Throwback Thursday: Bessie Dobson Altemus


At a Grace Kelly brainstorming meeting today, lifelong local Carolyn Sutton showed us some really cool Hohenadel stuff and a cache of rare antique photos she’s been hunting down online: 

Jack Kelly and son meeting the Governor, the view of Midvale from across the river when the Mills were active, stereo-optic images of Laurel Hill from the early 1900’s…

She’ll be scanning those in for but our favorite so far was this one of Bessie Dobson Altemus from the 1930’s (those clothes! that car!)


She’s the one on the left, by the way. Here’s a photo of her daughter, though —  rowl:

Bessie Dobson Altemus her daughter Mary Elizabeth Altemus

A mill heiress, Bessie Dobson Altemus lived with her family in “Bella Vista,” a grand estate where PHA’s Abbotsford Homes sits today.  Reporters were there to capture her last lingering moments before she left her home to Uncle Sam. This article from the Indiana (Pennsylvania) Evening Gazette dated August 14, 1941 describes the scene:

Bessie Dobson the dismantling of Bella Vista

Defense Workers to Occupy Homes on Philadelphia Estate

Philadelphia, Aug 14 — Standing in sunken gardens, socialite Mrs. Bessie Dobson Altemus looked for the last time upon the rambling, beautiful old home she has known all her life.

“I remember…” she mused sadly,  “Well, it doesn’t matter what I remember. I only hope those who live here will be as happy as I have always been.”

That was her benediction upon the famous mansion Bella Vista at the falls of the Schuylkill River, upon the surrounding 28-acre estate and upon the 700 defense workers who will shortly occupy new government houses on the site.

For yesterday was Moving Day for Mrs. Altemus, forced to vacate to make way for the housing project. Next week, pick and axes and claw-hammers will begin tearing down the Altemus showpiece.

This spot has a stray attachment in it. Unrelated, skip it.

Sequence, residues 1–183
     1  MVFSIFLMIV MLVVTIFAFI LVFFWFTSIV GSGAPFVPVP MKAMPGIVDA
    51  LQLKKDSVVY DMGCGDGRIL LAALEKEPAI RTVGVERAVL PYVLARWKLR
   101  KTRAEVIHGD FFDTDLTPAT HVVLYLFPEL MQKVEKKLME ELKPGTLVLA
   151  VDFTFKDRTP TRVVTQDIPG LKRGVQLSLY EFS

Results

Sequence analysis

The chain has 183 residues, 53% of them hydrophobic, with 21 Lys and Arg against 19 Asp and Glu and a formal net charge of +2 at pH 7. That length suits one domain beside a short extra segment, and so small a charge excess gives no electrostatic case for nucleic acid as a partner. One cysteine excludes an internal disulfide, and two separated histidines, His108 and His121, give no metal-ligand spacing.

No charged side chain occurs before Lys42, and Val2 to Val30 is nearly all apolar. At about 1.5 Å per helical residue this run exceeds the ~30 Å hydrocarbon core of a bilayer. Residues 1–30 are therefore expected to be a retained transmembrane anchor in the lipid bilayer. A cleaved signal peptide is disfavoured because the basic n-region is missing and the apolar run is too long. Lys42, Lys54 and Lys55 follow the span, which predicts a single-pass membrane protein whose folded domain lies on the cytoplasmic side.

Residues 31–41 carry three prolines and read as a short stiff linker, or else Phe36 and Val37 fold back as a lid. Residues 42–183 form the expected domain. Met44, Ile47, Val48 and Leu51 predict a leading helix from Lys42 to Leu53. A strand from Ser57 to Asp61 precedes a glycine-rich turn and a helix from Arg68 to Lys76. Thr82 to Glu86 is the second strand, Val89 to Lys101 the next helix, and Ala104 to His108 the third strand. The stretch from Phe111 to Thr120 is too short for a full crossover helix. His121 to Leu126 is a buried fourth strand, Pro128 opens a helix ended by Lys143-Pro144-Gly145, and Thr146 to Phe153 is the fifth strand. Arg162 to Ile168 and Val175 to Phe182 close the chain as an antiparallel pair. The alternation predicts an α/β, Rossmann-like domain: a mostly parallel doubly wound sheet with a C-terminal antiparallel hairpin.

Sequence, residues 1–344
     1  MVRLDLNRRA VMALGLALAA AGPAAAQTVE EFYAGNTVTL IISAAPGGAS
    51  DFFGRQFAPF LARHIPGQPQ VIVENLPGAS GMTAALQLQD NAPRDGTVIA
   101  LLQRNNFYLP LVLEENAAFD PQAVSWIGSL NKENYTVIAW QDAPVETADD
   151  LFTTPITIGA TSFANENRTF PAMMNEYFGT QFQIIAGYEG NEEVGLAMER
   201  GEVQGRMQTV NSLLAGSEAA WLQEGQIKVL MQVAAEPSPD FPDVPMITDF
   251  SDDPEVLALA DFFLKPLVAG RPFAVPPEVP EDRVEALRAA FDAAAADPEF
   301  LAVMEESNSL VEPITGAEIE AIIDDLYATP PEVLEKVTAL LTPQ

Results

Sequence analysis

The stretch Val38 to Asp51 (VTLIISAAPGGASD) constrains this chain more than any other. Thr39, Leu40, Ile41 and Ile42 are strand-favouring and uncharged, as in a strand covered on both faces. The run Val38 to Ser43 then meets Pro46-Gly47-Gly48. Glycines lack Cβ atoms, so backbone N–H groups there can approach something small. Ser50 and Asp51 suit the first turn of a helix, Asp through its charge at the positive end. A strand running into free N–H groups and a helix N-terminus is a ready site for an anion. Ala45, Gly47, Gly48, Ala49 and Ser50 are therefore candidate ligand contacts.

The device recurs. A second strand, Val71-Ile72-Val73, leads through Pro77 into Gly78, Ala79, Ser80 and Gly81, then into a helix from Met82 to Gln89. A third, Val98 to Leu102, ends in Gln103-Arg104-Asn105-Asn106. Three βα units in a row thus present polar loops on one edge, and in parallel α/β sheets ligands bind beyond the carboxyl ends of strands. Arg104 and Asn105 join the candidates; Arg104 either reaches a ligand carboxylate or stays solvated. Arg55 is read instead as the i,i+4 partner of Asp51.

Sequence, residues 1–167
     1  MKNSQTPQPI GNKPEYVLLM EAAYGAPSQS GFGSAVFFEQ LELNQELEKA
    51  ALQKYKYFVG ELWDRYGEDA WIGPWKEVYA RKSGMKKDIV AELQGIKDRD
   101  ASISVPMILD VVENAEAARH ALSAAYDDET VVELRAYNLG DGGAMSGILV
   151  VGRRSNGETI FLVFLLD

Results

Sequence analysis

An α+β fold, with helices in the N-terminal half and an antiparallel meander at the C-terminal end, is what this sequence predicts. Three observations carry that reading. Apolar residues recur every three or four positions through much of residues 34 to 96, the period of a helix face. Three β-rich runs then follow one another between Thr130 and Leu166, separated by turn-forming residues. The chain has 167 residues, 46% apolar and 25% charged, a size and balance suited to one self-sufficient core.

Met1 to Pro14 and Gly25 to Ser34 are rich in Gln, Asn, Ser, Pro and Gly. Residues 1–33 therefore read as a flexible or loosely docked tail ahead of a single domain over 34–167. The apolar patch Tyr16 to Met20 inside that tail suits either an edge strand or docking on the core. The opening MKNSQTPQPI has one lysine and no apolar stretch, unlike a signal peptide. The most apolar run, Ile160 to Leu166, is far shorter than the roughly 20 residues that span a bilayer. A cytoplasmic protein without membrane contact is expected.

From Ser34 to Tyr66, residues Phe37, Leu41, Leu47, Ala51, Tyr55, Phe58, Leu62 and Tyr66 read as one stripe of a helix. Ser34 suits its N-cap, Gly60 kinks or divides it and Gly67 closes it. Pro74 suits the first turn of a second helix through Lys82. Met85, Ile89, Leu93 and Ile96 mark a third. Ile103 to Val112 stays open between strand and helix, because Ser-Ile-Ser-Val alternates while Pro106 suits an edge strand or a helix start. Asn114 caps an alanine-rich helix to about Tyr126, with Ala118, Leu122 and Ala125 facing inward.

The socialite, chairman of the Republican Women of Philadelphia, had to step out of the way of a crew of moving men as she wandered about the house and estate for the last time. The lavish furnishings, art works and books of Bella Vista will be divided among museums and institutions and the friends and neighbors who used the estate as a community center and called its hostess merely “Bessie.” The famous sunken gardens will remain intact.

Mrs. Altemus’s daughter, Mrs. Mary Elizabeth Altemus Whitney, the former Mrs. “Jock” Whitney, spent the last day at Bella Vista with her and disclosed she wanted her mother to live at Llangollen, the $1,000,000 Whitney estate in Virginia.

But Mrs. Altemus declared she hadn’t decided where she would live, adding “It doesn’t really matter. I have no home now,” then she reminisced a bit.

“This house was built by my father when he was 35 years old, and it’s sad to leave it now. I remember when there wasn’t a factory to be seen anywhere from here. The children used to run their horses over the fields. We used to be way out in the country.”

As she said these words, her eyes were fixed on the smoke-puffing industrial plants of the Midvale Steel Company, the Budd Wheel Company and the Bendix Aviation Corporation on Philadelphia’s outskirts. Defense workers from these plants will be housed in the new Federal dwellings.

“Wherever I go,” Mrs. Altemus continued, “I don’t think I shall ever stay long from the falls of the Schuylkill.”


  1. Do you have any other information on the Bendix Aviation Corp.? My mother worked there as a radium dial painter during WWII, and Philadelphia seems to have lost all the history of that plant. I have even tried to get info from the National Archives, it is supposed to be no longer classified, but one must wonder why the secrecy?

  2. My parents worked there, too but I have not been able to find the location. At the time, my mother lived in South Philadelphia and my father lived in Upper Darby. They met at the plant. My father was an engineering student at Drexel assigned there for work study and my mother was a stenographer. I would like to learn more

    • Bendix Aviation was located at 4700 Wissahickon Ave – now the Philadelphia Design and Distribution Center.

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